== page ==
“Who is it written for and why,” asked Quack and I stalled. How could I possibly explain I was practicing my signature for when I became famous.

Yep, F.Jasmine and I had a lot in common. Though while she actually chose the Jasmine bit of her name, I concealed from everyone that my confirmation name was Fatima.That would have ruined the whole famous thing. Mary was bad enough. As the song went:

For she was Mary, Mary,

Plain as any name can be.

Maybe that’s why I never became famous – though I’m still practicing.



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Got something new to say about James Joyce?

The VIII James Joyce Italian Foundation Conference in Rome

by jjqblog

Italian JJ Foundation

The James Joyce Italian Foundation will hold its 8th Conference in Rome from February 2-3 of 2015.  The conference invites unpublished and in-progress essays and asks for 250-500 word abstracts with a short biography by November 15, 2014.  Because this year’s conference coincides with the Yeats’ 150th birthday, organizers are encouraging paper proposals to engage with Joyce, Yeats, and topics focusing on the Irish Revival.  They provide a list of possible paper topics but encourage others as well:

– Joyce and/vs Yeats
– Joyce and/vs Synge
– Joyce and/vs A.E.
– Joyce and/vs Lady Gregory
– Joyce as a revivalist
– Joyce’s drama/Yeats’s theatre
– Joyce’s poetry and the Revival
– Rewriting the Revival in Joyce’s notebooks, drafts, and completed works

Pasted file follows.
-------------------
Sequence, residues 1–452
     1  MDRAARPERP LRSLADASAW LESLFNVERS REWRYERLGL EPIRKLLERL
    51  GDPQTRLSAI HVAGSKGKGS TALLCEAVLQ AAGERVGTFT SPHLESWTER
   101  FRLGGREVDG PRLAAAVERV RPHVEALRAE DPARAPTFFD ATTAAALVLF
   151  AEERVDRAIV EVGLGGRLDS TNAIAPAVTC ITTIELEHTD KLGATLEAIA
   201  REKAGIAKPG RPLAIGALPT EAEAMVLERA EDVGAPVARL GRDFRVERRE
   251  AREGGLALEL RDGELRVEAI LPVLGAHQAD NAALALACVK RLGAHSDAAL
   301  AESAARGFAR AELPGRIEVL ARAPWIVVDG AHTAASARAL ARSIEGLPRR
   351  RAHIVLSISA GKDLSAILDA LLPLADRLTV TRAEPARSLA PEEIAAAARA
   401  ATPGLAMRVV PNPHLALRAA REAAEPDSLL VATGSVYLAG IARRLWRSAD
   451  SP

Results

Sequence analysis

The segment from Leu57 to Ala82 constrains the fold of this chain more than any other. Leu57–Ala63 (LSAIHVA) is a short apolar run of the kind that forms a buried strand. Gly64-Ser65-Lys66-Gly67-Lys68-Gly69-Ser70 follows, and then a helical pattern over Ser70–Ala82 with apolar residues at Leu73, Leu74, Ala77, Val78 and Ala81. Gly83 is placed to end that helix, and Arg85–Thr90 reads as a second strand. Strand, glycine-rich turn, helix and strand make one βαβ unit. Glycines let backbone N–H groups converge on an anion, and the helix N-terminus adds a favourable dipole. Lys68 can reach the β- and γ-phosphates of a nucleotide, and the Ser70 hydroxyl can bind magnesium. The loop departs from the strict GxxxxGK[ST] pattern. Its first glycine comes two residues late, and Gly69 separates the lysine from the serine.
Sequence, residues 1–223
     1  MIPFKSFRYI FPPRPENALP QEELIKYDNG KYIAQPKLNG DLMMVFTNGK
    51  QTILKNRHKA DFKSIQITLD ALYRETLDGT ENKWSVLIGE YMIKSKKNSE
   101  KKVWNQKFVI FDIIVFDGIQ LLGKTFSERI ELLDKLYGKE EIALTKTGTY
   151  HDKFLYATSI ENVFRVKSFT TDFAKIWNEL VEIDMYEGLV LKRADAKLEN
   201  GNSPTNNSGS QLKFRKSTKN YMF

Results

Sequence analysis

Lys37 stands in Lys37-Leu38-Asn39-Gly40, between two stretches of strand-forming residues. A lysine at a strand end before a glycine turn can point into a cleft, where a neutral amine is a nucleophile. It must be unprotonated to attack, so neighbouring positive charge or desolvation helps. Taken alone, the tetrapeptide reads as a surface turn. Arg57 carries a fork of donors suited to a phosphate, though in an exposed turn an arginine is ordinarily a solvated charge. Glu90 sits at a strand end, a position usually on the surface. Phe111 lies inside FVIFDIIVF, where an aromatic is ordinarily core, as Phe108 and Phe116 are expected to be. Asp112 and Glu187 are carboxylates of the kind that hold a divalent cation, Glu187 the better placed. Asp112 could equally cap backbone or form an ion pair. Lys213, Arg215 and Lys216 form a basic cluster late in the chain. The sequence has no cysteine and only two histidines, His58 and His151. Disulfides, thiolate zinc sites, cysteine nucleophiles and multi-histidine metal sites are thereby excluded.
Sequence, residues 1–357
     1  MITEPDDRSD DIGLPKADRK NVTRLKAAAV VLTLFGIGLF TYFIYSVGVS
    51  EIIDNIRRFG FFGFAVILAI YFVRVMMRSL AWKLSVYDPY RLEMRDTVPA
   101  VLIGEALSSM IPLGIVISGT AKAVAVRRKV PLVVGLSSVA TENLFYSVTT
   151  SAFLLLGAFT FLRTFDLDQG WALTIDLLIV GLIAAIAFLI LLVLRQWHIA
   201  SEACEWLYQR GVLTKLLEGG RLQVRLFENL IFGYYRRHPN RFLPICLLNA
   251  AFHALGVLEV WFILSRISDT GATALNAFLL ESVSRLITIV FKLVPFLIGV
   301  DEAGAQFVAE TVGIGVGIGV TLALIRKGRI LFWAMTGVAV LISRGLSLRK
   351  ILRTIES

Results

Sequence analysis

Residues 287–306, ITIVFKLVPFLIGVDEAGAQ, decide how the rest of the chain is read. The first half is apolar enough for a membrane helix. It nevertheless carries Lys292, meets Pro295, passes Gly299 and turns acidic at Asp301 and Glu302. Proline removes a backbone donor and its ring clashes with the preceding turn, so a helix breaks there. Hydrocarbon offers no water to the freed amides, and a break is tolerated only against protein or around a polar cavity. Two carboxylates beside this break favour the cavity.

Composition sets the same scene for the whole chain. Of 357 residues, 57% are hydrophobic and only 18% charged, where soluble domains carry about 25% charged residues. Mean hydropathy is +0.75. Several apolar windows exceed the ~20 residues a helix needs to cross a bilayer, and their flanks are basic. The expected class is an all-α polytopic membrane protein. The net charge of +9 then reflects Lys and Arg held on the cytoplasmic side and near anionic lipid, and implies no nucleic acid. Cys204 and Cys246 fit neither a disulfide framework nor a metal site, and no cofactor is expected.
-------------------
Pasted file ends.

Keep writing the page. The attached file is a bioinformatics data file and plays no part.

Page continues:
– Joyce, genetic studies and the Revival
– Joyce’s Triestine journalism and the Revival
– Joyce’s writings as Revivals/Counter-revivals
– The Revival and autobiography: Writing the self/writing the nation
– Joyce’s translations of Synge and Yeats in Trieste
– Yeats’ Joyce
– The state and status of Yeats and Joyce Studies 60 years after their deaths
– Writing “Irishness”
– Joyce and the Irish Language
– Yeats, Joyce, and the idea of the Irish “race”
– Yeats, Joyce and Irish alterities
– Mangan or Ferguson? Who to revive from the nineteenth century.

The conference has confirmed several speakers including Matthew Campbell, Erik Bindervoet, Robbert-Jan Henkes, Fritz Senn, and Carla Marengo Vaglio.  Some papers delivered at the conference will be invited for publication at a later date.  Direct abstracts and questions to joyceconference@gmail.com



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Have a brilliant idea for a radio programme? Here’s what to do with it: